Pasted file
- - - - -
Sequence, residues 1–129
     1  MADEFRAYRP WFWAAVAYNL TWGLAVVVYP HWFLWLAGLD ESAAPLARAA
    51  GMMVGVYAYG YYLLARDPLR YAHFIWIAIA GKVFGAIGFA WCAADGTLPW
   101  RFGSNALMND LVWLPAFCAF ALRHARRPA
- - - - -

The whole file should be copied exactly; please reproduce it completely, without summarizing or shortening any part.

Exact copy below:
Sequence, residues 1–129
     1  MADEFRAYRP WFWAAVAYNL TWGLAVVVYP HWFLWLAGLD ESAAPLARAA
    51  GMMVGVYAYG YYLLARDPLR YAHFIWIAIA GKVFGAIGFA WCAADGTLPW
   101  RFGSNALMND LVWLPAFCAF ALRHARRPA